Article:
On enthusiasm

Someone is President of an organization called Restore Louisiana Now and I am envious — that is the kind of job I want. I think of my law degree and work on globalization and prison industrial complex, or my Near Eastern Studies degree and the active job I would have found in a large, international organization, and the tension flows away. My headache eases, and my claustrophobia, and my general uneasiness. I do not have to goad my mind into focus.

I had motivation for graduate school because it was supporting an interesting life in a beautiful place, and it gave me an opportunity to heal myself. But professordom means renouncing beautiful places and interesting things, and engaging in self-harm.

Dame Eleanor Hull says I am describing the jobs I have had, not the profession. That is what I used to say to a perceptive, nonacademic friend who would watch me work and say I should quit because I did not like it, and I had talents I could use for many things.

I disagree with Dame Eleanor Hull now and agree with my other friend, but it is late. I was animating one of my also suffering colleagues the other night, about how we have to simply take over and do things in a pleasant and responsible way whether the university likes it or not. A friend of mine was animating me along the same lines.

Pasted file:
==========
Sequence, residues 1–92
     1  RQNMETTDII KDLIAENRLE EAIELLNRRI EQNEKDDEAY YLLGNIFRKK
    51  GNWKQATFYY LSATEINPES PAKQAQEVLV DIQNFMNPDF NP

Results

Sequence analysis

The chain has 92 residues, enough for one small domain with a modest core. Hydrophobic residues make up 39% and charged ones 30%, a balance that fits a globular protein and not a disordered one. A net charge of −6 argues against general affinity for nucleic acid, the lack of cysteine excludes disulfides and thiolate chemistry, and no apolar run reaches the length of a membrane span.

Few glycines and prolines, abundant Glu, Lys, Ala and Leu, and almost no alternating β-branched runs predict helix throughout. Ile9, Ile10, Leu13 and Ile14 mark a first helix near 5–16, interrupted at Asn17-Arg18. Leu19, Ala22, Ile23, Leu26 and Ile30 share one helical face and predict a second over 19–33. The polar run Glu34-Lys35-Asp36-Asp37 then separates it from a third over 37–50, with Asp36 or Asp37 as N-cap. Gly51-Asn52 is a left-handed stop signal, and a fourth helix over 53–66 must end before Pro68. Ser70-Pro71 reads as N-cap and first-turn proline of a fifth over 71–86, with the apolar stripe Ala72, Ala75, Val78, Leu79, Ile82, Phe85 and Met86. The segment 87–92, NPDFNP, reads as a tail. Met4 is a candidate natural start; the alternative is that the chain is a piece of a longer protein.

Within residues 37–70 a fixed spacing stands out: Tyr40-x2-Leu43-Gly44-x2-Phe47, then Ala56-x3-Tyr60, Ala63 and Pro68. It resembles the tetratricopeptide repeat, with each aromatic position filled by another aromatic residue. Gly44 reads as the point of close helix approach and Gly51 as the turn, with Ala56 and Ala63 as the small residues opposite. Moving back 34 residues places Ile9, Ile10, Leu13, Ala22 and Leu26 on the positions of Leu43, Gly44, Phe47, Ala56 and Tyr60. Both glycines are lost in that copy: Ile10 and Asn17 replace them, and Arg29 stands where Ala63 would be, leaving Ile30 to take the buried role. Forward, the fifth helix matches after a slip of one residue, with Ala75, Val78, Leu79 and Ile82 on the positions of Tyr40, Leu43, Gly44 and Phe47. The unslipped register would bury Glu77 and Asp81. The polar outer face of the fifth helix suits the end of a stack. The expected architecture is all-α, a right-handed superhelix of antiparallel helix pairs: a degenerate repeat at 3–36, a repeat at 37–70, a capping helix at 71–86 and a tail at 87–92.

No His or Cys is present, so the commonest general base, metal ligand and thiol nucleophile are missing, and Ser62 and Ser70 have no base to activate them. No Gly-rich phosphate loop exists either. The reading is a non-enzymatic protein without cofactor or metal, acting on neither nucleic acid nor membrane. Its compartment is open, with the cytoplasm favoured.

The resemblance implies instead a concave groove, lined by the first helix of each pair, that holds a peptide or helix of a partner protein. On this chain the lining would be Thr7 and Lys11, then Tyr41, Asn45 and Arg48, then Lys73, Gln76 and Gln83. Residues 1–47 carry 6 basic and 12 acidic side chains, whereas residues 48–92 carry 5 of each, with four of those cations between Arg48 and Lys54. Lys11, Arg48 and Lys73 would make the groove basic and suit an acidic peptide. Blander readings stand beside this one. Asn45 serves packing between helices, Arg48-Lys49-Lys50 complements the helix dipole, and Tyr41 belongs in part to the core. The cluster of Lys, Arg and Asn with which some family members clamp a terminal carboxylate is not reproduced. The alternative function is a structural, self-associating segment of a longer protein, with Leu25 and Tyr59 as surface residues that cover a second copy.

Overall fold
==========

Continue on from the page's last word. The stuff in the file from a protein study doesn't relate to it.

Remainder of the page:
We will decide we are right. We will take no discussion, and do as we see fit. I have never done that in an academic job before. I have always tried to fit in, tried to become less interesting and less challenging so I could survive. And I wish I had left as soon as I found out what academia really was, but I have determined it is too late. And we have been rendered unemployable elsewhere by working here too long.

But we will become ourselves again nonetheless, and we will take over even if this only means taking the kind of control over our jobs that professors have elsewhere as a matter of course.

And when I could afford to think more clearly, and I heard people say things like what I am saying now, I would think: “The fact that they have to try so hard to get themselves going is actually indicative of a serious problem.”  I still think so, although the serious problem is how we have been treated and what that has done to us more than it is a question of where our interests lie.



2 thoughts on “On enthusiasm

    1. Or, in my case, committing to the one I chose or even allowing myself to see it was a passion.

      I was a LOT clearer on all these things before Reeducation and related traumas, although still not clear enough.

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